I do want always to stay objective and question ingrained assumptions so I'm glad to read a challenge to the water convention. However, I agree with Laura, the proof is in how you feel. Without 8 glasses of water (straight water) I tend to eat when I'm not actually hungry, I feel tired and a bit stagnant. Water keeps me feeling clean, refreshed and alert.
I disagree - Its plain water - that keeps me "lighter and cleansed" . I have a balanced metabolism. I believe my 91 year FIL takes no meds because we keep him hydrated with filtered water all day. You shouldn't stress about it - do it if you can.
As a hot yoga instructor, I sweat out liters and liters per day. If I drank only 72 oz of water I would be dehydrated!
I disagree with this article, simply because when i am in a routine drinking my full 8 glasses of water (and no caffeine or alcohol) i feel amazing - lighter and cleansed - i can feel the difference... i agree sometimes its hard, and you shouldnt feel guilty if you cannot make the full amount everyday - i mean sometimes its just not convenient to pee about every hour! but when you can - its good for you to cleanse the body.
I think its good this article has been published and for the debate and comments to follow which enables us to learn and discover more about the value and role of water in our world.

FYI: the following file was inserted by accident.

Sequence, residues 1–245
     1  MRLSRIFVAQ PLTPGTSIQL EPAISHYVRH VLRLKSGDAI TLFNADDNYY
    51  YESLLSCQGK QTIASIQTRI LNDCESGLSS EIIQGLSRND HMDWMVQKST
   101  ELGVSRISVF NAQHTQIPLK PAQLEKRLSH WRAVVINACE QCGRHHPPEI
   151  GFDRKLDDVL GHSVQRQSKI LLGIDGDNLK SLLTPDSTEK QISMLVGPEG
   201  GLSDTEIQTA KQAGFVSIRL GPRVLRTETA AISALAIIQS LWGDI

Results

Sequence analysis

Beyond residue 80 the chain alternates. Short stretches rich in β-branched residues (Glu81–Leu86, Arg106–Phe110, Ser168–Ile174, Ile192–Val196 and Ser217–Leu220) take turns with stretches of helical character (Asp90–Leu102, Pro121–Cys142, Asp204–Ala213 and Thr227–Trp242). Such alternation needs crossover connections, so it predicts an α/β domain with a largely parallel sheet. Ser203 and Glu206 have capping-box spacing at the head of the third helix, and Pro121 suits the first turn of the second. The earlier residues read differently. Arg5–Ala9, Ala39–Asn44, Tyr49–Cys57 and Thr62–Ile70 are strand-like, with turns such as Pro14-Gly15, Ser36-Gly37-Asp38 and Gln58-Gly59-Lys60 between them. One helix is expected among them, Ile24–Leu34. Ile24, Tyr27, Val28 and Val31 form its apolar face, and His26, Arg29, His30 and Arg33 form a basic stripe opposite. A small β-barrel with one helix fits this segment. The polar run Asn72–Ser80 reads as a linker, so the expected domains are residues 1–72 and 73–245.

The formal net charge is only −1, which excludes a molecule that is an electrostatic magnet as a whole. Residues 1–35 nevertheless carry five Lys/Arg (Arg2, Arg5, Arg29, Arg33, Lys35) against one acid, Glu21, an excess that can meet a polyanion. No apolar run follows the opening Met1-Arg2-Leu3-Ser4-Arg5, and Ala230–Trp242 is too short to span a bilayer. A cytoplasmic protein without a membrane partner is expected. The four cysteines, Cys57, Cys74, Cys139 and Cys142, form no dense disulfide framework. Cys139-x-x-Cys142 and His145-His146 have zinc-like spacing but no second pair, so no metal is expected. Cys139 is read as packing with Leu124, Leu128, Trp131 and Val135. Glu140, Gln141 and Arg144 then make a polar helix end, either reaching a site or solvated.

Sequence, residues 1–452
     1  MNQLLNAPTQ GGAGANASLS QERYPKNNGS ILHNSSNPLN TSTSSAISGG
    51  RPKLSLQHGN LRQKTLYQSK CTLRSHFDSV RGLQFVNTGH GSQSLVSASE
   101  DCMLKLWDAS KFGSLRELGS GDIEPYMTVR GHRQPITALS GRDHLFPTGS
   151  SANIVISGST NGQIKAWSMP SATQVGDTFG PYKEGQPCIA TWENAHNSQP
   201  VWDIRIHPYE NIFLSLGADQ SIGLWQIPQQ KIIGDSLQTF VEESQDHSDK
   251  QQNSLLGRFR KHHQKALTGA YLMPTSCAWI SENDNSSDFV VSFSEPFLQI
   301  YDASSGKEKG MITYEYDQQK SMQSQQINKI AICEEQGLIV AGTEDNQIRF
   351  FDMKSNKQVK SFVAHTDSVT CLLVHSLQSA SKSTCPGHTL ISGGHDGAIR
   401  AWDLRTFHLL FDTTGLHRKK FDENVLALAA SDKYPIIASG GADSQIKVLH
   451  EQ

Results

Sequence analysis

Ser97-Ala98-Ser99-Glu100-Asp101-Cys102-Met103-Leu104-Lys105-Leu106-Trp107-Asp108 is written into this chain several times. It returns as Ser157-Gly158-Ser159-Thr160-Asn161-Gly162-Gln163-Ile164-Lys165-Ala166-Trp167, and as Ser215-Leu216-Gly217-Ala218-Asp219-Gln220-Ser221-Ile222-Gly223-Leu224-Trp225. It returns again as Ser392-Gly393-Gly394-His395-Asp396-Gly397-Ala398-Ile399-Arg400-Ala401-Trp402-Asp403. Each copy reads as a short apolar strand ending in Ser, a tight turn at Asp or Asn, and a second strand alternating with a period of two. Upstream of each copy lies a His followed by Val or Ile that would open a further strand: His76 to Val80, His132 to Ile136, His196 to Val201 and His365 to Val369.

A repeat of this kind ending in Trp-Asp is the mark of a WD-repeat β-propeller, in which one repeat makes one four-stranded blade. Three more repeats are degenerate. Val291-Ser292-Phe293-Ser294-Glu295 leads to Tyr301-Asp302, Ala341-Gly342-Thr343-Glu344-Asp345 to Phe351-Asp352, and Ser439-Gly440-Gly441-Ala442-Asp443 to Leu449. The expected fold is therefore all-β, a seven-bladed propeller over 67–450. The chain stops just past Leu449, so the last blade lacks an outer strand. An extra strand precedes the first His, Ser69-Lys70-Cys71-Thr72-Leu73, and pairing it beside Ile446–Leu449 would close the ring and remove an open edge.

What he says is true about water content in beverages and foods. Like any article on any topic, we need to think about what the information does not contain and do what is personally right. It's that simple.
I simply cannot trust an article on water-related health issues that addresses bottled water but fails to even mention the debate regarding the potential for toxins to leach into the water from those bottles. If the author believes there is no merit to this debate, I would think that a comment to that affect is warranted. The fact that the debate is not even mentioned leads me to mistrust the entire article.
This is very dangerous advice. Teaching College Nutrition one of the first lab experiments I have students do is to consume different beverages and then measure urine output - perhaps this author found 18 elite athletes who could drink sugar and caffeine and not become dehydrated. I find making
such claims to the general population based on a tiny very select study group unethical and misleading at best! How much malpractice insurance does this "researcher" carry?
Some of the points seem to be in conflict with Ayurveda. For example, Ayurveda considers agni, the digestive fire, and if we put too much water in the body at meal times, it'll put out the digestive fire, causing various digestive issues. I also struggle with the suggestion that drinking coffee can count as part of the daily fluid intake. Coffee can vitiate vata, meaning increasing dryness in the body tissues and could adversely affect people's sleeping patterns and nervous systems.
John L. Brown
There is no medical evidence that I am aware of that indicates the need to drink, or otherwise consume, eight glasses of water each day. That is a lot of water. Perhaps that amount would be justified living and working in a desert environment. Even if that level of consumption were scientifically established, it would not apply to all body types: for example a person five foot tall, and weighing one-hundred.
If filters in municipal settings cannot efficiently eliminate drugs and pesticides from drinking water, it must be asked if any type of residential filter, other than a distiller type, can?